$18M project to tackle 'imminent' spruce budworm outbreak
New Brunswick one of the most forestry-dependent provinces in Canada, agency says
New Brunswick’s forest industry will get help from an $18 million federal initiative to tackle what experts describe as an imminent outbreak of spruce budworm in the province.
The Spruce Budworm Early Intervention, introduced in the 2014 federal budget last week, will see $18 million put aside to develop and implement the program over the next four years.
A spruce budworm outbreak is currently occurring in Quebec, and new outbreak is imminent in New Brunswick, according to a press release from Atlantic Canada Opportunities Agency, which will lead the initiative in Atlantic Canada.
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ACOA and its Quebec counterpart will work with Natural Resources Canada, provincial governments and industry stakeholders to develop the initiative, said Rob Moore, regional minister for New Brunswick and minister of state, who met with industry and government officials at the Hugh John Flemming Forestry Centre on Tuesday.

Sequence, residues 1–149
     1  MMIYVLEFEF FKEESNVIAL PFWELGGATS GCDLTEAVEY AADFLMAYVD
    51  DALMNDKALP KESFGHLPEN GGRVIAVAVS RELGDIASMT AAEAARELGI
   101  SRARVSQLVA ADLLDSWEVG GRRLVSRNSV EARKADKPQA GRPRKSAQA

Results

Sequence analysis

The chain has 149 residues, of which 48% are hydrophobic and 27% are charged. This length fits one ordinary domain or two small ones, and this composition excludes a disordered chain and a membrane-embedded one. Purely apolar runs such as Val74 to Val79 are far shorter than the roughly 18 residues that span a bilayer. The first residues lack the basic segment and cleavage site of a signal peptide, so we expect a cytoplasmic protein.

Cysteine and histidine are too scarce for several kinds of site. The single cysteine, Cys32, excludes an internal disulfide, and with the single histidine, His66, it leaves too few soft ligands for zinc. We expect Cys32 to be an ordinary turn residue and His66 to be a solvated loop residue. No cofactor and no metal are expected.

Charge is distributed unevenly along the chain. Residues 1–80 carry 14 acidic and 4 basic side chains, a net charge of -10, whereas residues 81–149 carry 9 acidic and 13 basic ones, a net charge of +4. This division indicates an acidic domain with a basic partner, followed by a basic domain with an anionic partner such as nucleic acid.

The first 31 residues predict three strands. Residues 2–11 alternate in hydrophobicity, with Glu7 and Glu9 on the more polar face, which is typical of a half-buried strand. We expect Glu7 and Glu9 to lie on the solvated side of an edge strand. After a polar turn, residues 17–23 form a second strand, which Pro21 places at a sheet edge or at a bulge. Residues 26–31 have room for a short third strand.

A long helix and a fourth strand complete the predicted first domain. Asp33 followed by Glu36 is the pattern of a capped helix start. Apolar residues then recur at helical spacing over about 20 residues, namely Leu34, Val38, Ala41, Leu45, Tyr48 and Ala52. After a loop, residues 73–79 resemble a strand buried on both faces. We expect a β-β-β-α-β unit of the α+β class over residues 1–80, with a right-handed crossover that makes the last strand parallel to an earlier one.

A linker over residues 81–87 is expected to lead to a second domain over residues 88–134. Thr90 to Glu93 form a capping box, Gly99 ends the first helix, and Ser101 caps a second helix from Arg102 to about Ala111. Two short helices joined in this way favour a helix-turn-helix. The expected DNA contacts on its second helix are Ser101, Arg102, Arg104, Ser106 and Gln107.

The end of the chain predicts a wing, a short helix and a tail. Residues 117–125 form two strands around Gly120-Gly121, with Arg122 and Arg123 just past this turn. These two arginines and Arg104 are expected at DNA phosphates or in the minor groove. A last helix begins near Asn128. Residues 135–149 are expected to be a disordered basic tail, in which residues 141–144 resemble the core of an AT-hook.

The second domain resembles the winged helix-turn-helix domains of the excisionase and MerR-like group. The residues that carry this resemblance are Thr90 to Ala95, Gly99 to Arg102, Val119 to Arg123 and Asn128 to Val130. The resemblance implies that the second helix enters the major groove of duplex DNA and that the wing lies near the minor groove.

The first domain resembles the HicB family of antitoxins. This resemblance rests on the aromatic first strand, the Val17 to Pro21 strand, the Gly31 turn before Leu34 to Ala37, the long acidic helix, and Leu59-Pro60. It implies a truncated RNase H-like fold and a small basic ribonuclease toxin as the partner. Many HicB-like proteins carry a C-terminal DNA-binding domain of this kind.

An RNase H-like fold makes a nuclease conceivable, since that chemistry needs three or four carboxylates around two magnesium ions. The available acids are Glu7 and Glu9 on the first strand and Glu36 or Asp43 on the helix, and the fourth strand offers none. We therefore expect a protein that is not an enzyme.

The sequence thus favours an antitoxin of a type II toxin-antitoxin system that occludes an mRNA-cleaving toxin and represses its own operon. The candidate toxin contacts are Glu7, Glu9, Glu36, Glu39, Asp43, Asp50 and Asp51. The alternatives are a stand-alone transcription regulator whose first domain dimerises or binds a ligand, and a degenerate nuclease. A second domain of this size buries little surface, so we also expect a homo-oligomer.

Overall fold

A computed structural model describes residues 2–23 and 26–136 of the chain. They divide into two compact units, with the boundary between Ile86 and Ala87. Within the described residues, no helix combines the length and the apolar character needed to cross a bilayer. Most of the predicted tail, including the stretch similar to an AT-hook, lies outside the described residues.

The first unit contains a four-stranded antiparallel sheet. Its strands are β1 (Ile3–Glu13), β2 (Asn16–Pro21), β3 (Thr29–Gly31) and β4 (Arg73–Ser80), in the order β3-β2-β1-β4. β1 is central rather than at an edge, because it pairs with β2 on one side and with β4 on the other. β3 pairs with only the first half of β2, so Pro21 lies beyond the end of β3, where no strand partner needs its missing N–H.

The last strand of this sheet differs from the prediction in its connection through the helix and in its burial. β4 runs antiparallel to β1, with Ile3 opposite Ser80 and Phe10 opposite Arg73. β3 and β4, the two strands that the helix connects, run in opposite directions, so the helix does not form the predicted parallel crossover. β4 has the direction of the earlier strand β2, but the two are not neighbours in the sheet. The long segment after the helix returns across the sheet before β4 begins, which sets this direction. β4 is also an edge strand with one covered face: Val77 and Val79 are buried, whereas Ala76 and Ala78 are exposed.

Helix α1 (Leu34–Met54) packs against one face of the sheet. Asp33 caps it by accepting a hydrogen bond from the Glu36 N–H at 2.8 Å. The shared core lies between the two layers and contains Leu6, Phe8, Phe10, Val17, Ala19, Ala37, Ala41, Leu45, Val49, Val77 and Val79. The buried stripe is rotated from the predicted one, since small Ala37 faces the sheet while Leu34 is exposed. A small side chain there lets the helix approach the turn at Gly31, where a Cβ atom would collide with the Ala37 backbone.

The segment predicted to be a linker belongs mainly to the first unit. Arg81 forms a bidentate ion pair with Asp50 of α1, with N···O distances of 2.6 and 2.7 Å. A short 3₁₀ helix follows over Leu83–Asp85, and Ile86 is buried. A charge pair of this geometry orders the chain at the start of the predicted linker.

The spruce budworm historically experiences a population explosion every 35 to 40 years, leading to widespread defoliation in evergreen forests and massive losses for the forest industry, according to ACOA.
The initiative aims to keep the spruce budworm population under control and prevent it from spreading. It also aims to come up with environmentally responsible solutions with the least possible disruption to the ecosystem.
New Brunswick is one of the most forestry-dependent provinces in Canada, according to ACOA. The province’s forest sector generated an estimated $2.5 billion in economic activity, or over five per cent of the province’s GDP, in 2010, and employed more than 12,600 people, according to the NB Forest Products Association.
During the most recent significant outbreak between 1977 and the early 1990s, just over half of the province’s total area was affected at one point.
The initiative’s details are still being finalized, but it is expected to move forward quickly, according to ACOA.